Re: [Full-disclosure] Mac OSX 10.4 Dashboard Authentication Hijacking Vulnerability
From: Graham Reed (greed_at_pobox.com)
To: email@example.com Date: Thu, 19 May 2005 13:33:37 -0400
Jonathan Zdziarski writes:
>> But then isnt this an issue with Sudo's grace period (ie should it be
>> tied down to that terminal process calling it and not other ones?)
> I suspect that since the dash runs as the user, it's sharing the same tty
> somehow. It seems to work regardless of where I authenticate.
The entire GUI looks like one TTY ('console', if 'who' is to be believed).
So everything but terminal programs is running under the same TTY.
Also, by default, sudo does not bind authentication credentials to the TTY.
You need to build it with "--with-tty-tickets" or add "Defaults tty_tickets"
is added to the sudoers file.
Consequently, any use of 'sudo' via the GUI will establish a viable ticket
for all processes in the GUI, even with TTY tickets.
> 2. The default grace period configuration in OSX is somewhat insecure
Well, definately. And I, personally, disapprove of "sudo" without TTY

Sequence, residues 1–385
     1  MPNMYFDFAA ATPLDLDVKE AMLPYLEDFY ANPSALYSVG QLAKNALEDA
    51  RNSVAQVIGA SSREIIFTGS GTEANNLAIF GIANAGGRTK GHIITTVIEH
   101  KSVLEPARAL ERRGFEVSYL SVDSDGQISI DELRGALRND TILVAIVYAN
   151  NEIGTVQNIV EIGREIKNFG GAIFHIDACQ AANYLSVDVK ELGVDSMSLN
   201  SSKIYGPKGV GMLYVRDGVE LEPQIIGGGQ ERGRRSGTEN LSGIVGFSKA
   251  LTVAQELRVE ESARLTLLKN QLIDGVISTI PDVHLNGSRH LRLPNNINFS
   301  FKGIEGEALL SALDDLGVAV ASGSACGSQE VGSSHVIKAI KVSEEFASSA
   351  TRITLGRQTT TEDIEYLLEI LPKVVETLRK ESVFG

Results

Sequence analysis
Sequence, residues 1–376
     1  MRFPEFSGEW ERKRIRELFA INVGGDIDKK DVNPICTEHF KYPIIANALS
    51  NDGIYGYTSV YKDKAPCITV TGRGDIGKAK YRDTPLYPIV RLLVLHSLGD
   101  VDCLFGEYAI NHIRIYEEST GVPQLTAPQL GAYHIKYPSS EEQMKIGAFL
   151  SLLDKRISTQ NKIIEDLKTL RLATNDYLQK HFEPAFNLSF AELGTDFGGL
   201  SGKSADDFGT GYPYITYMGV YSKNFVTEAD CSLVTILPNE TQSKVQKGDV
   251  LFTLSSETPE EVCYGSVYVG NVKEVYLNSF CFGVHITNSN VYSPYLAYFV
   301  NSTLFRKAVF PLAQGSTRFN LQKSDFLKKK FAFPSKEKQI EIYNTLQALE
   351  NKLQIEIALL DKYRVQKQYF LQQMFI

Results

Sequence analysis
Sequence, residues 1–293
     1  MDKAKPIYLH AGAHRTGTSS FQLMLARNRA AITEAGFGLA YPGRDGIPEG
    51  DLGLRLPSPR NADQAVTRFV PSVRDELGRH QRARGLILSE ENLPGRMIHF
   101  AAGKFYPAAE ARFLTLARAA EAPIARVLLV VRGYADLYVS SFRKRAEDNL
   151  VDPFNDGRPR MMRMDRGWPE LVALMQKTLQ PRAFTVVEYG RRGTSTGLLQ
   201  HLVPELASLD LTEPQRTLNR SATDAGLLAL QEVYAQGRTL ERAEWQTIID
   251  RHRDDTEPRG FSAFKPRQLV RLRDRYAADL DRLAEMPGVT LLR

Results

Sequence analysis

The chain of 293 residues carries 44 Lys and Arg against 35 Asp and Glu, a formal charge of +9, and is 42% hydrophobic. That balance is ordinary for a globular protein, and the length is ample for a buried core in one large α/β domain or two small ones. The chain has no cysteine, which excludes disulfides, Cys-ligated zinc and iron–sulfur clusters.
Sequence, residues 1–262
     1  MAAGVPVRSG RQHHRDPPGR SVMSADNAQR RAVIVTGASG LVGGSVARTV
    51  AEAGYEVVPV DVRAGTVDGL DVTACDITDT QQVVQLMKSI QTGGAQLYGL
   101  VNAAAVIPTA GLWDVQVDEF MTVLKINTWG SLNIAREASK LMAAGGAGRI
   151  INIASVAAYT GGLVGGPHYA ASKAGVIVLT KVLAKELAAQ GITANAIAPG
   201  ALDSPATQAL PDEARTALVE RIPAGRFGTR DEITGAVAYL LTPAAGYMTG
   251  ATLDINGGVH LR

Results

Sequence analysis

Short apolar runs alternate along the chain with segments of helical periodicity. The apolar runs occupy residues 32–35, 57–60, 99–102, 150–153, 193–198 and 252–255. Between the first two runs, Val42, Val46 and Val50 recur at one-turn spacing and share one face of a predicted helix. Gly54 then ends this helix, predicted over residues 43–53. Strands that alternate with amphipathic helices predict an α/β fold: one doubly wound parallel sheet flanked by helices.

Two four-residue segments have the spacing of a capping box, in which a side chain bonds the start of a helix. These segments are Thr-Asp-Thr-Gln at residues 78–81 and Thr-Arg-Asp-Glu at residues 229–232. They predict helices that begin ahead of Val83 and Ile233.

tickets. Especially if you might be logged in to the same node from several
So, I would argue in favor of changing the default timeout to zero (as
someone else already suggested) and enabling TTY tickets:
Then if you have users for whom a timed ticket is appropriate, re-enable it
per-user (but keep the tty_tickets setting):
So gooduser will get 5 minutes to keep running sudo without password prompts
(and maybe 1 is a better number). But authenticating in a terminal window
will not give GUI processes any credentials. So gooduser now only has to
worry about authenticating via the GUI.
What sudo is lacking for that case is a way of specifying defaults per TTY.
Also, it is lacking a way of saying, "Authenticate and do not set a
Hmmm. This is turning out to be less of a OS X thing than OS X simply
making it easy to social engineer use of features in sudo.
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